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Monitored Anesthesia Care

Monitored Anesthesia Care

Conscious sedation is a type of anesthesia that makes the patient feel very relaxed. It reduces the awareness of pain. It is not intended to put the patient to sleep and will wear off quickly after a procedure. Conscious sedation is administered through an IV and will make a patient feel relaxed and groggy. Often the patient will fall asleep. A sleeping patient can be awakened easily to respond to questions and commands. The patient will not remember any pain from the procedure. When the anesthesia wears off, some side effects are common. Patients may feel sleepy and confused, they may have a headache or feel nauseous. These symptoms usually go away quickly. Patients who have had conscious sedation administered may not drive for 24 hours.

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Trigger Point Injections

Trigger Point Injections

This outpatient procedure is designed to reduce or relieve the pain of trigger points. These small, tender knots can form in muscles or in the fascia. The trigger point injection only takes a few minutes to complete. The physician injects an anesthetic mixture into the trigger point. This causes the trigger point to relax. If the trigger point does not relax completely after the first injection, the physician may adjust the needle position and give additional injections. When the injection is complete, the patient may be encouraged to stretch and move the muscle.

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Spinal Cord Stimulator Trials

Spinal Cord Stimulator Trials

Spinal Cord Stimulation (also called SCS) uses electrical impulses to relieve chronic pain of the back, arms and legs. It is believed that electrical pulses prevent pain signals from being received by the brain. SCS candidates include people who suffer from neuropathic pain, and for whom conservative treatments have failed. If a patient is deemed a good candidate for an SCS, they will have to get psychological clearance from a mental health professional before they can be scheduled for the trial. At the trial, electrodes at the end of a lead produce electrical pulses that stimulate the nerves, blocking pain signals are inserted into the epidural space. The patient gives feedback to help the physician determine where to place the leads to best block the pain. The leads are connected to an external trial stimulator, which will be used for one week to help determine if the SCS will help the patient. If the patient finds the one-week trial to be successful in helping their pain, they will be recommended for a permanent implantation of the SCS.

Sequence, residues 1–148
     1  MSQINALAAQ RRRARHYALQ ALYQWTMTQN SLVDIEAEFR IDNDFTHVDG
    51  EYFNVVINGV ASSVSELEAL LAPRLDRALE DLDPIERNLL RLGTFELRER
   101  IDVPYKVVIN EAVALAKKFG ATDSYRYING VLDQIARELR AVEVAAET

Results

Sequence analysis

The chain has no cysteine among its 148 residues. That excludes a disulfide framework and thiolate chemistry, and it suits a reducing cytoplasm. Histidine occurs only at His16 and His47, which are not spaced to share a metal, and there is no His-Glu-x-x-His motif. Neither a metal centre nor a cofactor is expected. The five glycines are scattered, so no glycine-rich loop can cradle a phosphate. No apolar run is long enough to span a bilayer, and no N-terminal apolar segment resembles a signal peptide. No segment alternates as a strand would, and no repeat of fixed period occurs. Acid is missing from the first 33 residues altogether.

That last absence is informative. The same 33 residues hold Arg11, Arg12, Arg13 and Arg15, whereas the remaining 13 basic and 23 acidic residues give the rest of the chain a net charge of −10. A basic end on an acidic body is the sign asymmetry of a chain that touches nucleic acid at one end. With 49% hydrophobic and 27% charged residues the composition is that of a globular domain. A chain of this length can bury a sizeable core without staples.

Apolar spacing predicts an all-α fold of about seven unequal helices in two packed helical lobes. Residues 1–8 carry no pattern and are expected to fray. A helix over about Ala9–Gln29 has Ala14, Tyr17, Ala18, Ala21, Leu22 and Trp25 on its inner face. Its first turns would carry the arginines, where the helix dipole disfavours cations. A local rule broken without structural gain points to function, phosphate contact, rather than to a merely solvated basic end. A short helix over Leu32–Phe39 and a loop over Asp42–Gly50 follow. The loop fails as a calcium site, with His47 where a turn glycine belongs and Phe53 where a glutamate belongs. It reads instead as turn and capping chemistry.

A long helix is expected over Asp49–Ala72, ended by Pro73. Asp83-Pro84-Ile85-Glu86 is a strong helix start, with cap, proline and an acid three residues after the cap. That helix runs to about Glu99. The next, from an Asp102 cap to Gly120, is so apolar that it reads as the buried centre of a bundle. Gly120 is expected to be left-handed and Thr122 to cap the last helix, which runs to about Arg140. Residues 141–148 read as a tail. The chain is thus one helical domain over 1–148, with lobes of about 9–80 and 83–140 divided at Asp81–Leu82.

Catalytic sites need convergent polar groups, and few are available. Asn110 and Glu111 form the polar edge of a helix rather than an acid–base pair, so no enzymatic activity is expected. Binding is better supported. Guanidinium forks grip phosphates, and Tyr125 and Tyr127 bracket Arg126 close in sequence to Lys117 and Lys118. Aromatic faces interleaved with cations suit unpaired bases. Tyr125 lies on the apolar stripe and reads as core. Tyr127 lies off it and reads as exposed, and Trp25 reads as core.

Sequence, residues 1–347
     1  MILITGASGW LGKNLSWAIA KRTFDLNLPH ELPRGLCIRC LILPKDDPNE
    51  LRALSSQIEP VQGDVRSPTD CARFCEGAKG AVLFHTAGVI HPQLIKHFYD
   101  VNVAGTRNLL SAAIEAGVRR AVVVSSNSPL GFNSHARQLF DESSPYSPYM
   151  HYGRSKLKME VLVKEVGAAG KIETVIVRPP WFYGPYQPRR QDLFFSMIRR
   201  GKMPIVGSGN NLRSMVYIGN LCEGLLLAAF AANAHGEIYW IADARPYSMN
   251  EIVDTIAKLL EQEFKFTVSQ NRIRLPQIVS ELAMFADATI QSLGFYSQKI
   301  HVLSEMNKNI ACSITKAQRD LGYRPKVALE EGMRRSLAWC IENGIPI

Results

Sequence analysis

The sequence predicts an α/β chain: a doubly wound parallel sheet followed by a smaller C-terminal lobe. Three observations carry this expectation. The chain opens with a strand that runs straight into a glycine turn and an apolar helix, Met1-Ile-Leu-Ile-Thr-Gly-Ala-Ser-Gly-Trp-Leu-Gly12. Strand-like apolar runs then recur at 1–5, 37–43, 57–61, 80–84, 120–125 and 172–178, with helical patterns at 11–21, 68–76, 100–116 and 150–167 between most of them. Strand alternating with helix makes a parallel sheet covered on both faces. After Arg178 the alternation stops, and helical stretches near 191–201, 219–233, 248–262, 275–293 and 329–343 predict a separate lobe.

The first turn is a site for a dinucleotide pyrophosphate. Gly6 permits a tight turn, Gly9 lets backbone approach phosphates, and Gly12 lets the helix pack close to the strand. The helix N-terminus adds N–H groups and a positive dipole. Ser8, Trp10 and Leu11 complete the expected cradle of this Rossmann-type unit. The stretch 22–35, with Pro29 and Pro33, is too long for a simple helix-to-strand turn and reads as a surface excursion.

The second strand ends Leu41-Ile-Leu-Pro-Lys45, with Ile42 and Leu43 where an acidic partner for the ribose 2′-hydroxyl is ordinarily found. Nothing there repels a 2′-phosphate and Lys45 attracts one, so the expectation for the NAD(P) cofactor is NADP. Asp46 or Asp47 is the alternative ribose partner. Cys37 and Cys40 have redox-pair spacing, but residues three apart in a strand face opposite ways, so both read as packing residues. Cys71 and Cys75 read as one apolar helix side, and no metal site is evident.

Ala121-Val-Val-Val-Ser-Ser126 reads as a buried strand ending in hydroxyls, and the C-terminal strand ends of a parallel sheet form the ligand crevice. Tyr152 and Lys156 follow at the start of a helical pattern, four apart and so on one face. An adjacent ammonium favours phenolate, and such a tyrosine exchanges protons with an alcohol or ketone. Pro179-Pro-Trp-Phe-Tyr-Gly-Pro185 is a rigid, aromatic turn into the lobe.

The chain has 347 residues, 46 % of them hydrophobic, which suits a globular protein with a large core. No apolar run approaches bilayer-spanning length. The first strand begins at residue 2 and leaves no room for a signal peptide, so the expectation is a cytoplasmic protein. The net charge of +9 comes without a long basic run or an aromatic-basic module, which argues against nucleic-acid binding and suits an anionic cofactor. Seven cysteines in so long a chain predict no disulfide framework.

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Intrathecal Pain Pump Trials

Intrathecal Pain Pump Trials

An intrathecal pain pump relieves chronic pain. It uses small amounts of medicine applied directly to the intrathecal space (the area surrounding the spinal cord) to prevent pain signals from being perceived by the brain. Pump candidates include people for whom conservative treatments have failed and surgery is not likely to help. During the trial, pain medication is injected into the intrathecal space. The patient is monitored closely, and their pain is rated. If pain decreases during the trial, a permanent system may be implanted.